The police officer escorted Joanne to the guidance office, where he phoned her mother.

Joanne began to cry.

The next day, lawyers from the public defender’s office appealed to Jeremiah S. Jeremiah Jr., then chief judge of the Family Court, to release Joanne. He refused to intervene. So they filed an emergency petition to the state Supreme Court.

“Joanne’s conduct in slamming or loudly closing a door, if in fact she did so,” their petition stated, “clearly does not rise to the level of behavior warranting the finding of summary contempt and immediate detention.” At the time she was locked up, it says, she had not spoken to a lawyer.

The Supreme Court duty justice granted the petition and Joanne was freed. It was the second time that month a Supreme Court justice had overturned a magistrate’s detention order in a truancy case.

Jeremiah, who retired in June after 23 years as chief judge, won national attention for the truancy court he founded as a pilot program in Providence in 1999. Over the last decade, the program has received about $1.5 million in federal funding from the Justice Department’s office of juvenile justice and delinquency prevention and expanded into 25 school districts throughout Rhode Island. The state has won national praise as a model for its innovative approach to keeping students in school.

Jeremiah said he couldn’t speak about the truancy court because of pending litigation. (See related story.) The magistrates and the new chief judge, Haiganush R. Bedrosian, also declined comment through a court spokesman for the same reason, on the advice of counsel.

The American Civil Liberties Union and its Rhode Island affiliate filed suit in March against Jeremiah, five magistrates and officials in six school districts, charging them with operating the truancy court in secrecy and violating the constitutional rights of children and their parents.

The plaintiffs in the Superior Court class-action lawsuit are mostly students who have learning disabilities or medical conditions and whose absences were, in some cases, due to illnesses or doctor’s appointments. The lawsuit mentions that some children were threatened with being sent to the Training School, though none of the plaintiffs in the suit were incarcerated.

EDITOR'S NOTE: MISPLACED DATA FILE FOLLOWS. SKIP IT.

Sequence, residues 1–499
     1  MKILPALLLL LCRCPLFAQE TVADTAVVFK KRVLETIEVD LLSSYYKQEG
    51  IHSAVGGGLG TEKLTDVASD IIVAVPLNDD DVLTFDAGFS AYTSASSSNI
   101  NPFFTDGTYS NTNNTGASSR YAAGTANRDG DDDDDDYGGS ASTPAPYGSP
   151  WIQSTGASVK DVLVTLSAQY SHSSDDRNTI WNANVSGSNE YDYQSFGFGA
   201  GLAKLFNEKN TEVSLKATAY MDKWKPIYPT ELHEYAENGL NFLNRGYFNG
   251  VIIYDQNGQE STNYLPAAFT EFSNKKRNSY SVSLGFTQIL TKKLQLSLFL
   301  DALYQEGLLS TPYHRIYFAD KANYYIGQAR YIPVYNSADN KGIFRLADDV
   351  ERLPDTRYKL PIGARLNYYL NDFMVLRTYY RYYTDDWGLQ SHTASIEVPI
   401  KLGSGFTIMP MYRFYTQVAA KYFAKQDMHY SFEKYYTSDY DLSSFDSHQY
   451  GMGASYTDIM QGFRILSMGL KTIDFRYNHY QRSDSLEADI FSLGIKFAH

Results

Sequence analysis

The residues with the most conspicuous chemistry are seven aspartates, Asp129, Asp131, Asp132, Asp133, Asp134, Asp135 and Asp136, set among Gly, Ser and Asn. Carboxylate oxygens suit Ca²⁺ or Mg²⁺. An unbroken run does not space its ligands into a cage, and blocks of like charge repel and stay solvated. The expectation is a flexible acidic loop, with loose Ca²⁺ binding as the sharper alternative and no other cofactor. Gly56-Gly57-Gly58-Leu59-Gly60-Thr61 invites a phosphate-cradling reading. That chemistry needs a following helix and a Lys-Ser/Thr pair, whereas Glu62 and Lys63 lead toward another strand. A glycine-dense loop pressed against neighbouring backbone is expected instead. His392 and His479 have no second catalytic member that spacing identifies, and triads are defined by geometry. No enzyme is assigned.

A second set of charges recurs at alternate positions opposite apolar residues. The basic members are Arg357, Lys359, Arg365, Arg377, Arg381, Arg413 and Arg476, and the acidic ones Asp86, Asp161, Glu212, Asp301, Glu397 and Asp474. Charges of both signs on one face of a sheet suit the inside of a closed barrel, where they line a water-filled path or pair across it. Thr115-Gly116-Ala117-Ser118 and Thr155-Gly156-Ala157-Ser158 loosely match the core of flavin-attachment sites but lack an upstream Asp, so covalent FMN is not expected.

Jeremiah has previously described the truancy court as a “nonpunitive system” that aims to support, rather than punish, students. The truancy program is like a “super parent” whose role is “to provide support and compassion to students when necessary while enforcing compliance through consequences,” Jeremiah wrote in the fall 2001 edition of “Today,” a journal published by the National Council of Juvenile and Family Court Judges.

Truancy court is presented to students and their parents as an alternative to facing “wayward” or delinquency charges in Family Court. To participate, students and their parents must sign two forms — one admitting to the truancy offenses and another waiving their right to a trial before a judge in Family Court.

The “waiver of rights” form says that if a student opts for a Family Court trial and refuses to obey a “valid court order” to attend school, the judge can sentence the child to the Training School. It also states that the signer has the “right to an attorney if it appears that I could receive a sentence to the Rhode Island Training School.”

But nowhere on the waiver form is it mentioned that a student who agrees to participate in the truancy court rather than go to trial may be sent to the Training School without speaking to a lawyer or having an opportunity for a hearing on the evidence, as is required in Family Court.

One morning in December 2009, Jennifer A. Fitzgerald, a lawyer with the public defender’s office, noticed a man wandering the fifth-floor hallway of Family Court in Providence.

“He looked like a deer in the headlights,” recalled Fitzgerald, who spoke just enough Spanish to figure out why he was there. “He had not slept. His wife was in the hospital and his [stepdaughter] was in jail.”

Lorenzo Tavarez, a mechanic and legal immigrant from the Dominican Republic who speaks no English, was looking for his 14-year-old stepdaughter, Anabel Pichardo.

The previous day, Tavarez had accompanied Anabel to a truancy hearing at the Samuel W. Bridgham Middle School in Providence. The girl’s mother, who was nine months pregnant, was home in bed. At the hearing, Anabel and her stepfather signed a waiver of rights form and an “admission of sufficient facts” form. A Family Court petition said that during the first 30 days of the school year, the eighth-grader had been absent 14 days and tardy 8 days.

Magistrate Patricia K. Asquith presided over the hearing.

At some point during the hearing, Asquith demanded that Anabel turn over her cell phone. She refused.

Do you want to go to the Training School? Anabel recalled the magistrate asking.

She did not answer.

In the left-hand margin of the hearing sheet, the magistrate wrote: “Total disregard for authority. Talking in class. Not doing work. Dad take phone away. Very disrespectful to Court. Refuses to (answer) any questions posed by the court. Child in contempt of court.”